FP32 and FP16 activity during a pure 32bit float CUDA application is running

Hi all,

I am a newbie of CUDA.

After I studied some information about FP16 and FP32, I wonder the activity about the FP16 cores are idle or not when I implemented a pure float (32bit) type CUDA application (e.g. Float type matrix multiplication) ?

Please help. Thanks.

I would expect the Tensor cores on Titan-V and Tesla V100 to always remain idle unless the dedicated Warp Matrix Multiply and Accumulate API in the nvcuda::wmma namespace is being used in the kernel code.

see here for details about this API (and the support in cuBLAS, cuDNN libraries)

For 32 bit precision multiplications, the tensor cores simply don’t have enough precision (multiply is 16x16bit, accumulation can be either 16 or 32 bit precision), so I don’t see how they could support such operations.


Thanks for your quick answer. But I am not familiar with tensor cores. Does the same concept applies to CUDA cores ?

Let me further simplify my example.

If I implemented an CUDA application which is a 32 bit Float type matrix multiplication, where its output is also 32bit. You mean the FP16 cores will keep idle during this application runs ?

Then if I implemented another CUDA application which is a 16 bit Half type matrix multiplication, where its output may be 16(Half) or 32bit (Float). In this case, both FP32 and FP16 cores will be activated ?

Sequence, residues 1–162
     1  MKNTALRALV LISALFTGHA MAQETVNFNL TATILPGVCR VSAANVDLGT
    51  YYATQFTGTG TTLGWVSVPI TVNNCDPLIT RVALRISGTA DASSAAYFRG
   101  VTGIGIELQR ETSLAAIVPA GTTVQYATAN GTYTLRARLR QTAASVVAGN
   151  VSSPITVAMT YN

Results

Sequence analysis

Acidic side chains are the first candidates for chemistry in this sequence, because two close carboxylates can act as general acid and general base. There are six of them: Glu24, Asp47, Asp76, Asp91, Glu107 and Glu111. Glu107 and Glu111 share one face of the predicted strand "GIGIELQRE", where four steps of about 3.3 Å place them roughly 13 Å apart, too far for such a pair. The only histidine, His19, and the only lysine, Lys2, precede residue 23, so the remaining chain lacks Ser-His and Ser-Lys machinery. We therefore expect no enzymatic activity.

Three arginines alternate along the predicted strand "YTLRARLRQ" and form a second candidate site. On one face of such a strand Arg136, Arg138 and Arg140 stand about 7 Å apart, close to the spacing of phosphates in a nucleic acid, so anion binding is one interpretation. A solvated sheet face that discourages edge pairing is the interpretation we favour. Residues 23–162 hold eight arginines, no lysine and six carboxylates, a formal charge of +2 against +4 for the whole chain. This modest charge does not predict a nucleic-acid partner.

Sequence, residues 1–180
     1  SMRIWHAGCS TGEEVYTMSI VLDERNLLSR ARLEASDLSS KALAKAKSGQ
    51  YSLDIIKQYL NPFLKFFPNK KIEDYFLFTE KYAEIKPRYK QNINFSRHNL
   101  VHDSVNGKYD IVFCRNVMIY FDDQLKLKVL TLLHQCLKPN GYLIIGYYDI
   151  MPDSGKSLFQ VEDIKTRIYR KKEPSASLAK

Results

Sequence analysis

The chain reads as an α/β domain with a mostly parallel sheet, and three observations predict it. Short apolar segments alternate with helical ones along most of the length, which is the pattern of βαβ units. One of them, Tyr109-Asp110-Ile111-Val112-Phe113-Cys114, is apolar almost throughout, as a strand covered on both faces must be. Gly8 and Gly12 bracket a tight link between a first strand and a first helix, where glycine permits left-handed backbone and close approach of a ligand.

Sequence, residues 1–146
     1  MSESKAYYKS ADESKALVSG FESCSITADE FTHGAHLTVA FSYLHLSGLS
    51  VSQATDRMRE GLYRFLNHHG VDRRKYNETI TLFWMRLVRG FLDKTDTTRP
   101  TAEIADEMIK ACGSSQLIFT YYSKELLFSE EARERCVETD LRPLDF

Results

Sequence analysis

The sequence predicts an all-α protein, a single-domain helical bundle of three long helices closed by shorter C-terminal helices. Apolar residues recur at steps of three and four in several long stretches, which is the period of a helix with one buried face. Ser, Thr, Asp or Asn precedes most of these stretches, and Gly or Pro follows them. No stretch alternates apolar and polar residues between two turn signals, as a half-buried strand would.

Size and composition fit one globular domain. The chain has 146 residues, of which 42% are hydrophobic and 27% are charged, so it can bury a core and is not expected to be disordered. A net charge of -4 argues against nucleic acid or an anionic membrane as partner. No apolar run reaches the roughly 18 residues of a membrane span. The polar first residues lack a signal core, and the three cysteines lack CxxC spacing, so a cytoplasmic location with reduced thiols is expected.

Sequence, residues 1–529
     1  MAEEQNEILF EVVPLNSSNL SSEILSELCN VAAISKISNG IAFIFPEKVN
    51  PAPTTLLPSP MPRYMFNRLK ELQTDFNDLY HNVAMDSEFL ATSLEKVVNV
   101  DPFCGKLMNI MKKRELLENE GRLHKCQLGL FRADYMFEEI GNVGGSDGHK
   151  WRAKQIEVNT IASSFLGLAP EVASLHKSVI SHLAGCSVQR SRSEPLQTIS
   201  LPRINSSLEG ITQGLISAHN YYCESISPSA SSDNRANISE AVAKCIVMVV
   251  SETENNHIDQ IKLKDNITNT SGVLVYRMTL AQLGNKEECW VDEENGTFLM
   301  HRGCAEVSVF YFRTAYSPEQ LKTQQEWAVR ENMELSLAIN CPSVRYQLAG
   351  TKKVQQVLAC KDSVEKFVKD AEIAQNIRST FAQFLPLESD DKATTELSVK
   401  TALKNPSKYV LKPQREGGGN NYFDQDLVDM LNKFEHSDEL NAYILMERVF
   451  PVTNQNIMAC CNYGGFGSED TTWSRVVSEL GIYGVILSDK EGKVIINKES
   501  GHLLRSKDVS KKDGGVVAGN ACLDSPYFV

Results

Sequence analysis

Please correct me if I am wrong.


for architecture sm_60, and I suspect for architectures sm_53 (TX1), and sm_62 (TX2), AFAIK, the FP16 throughput is implemented via a special mode on the FP32 cores. Therefore, in a given instruction cycle, an FP32 instruction could be scheduled on that core, or an FP16 instruction (processing half2), but not both.

Support for the sm_60 claim is here:


At least on sm_60, according to this claim, the FP32 and FP16 cores are the same functional unit within the SM. I’m not sure you’ll find much actual NVIDIA documentation or specification to this effect. It could possibly be confirmed via microbenchmarking, although probably pretty difficult to do so.

Architectural arithmetic throughputs can be determined from this table:


but they are not all guaranteed to be achievable at the same time.

ah, ok. OP was referring to half precision arithmetics supported by some specific chips
(Tesla P100, Quadro GP100, and Jetson TX1/TX2) and not the tensor cores.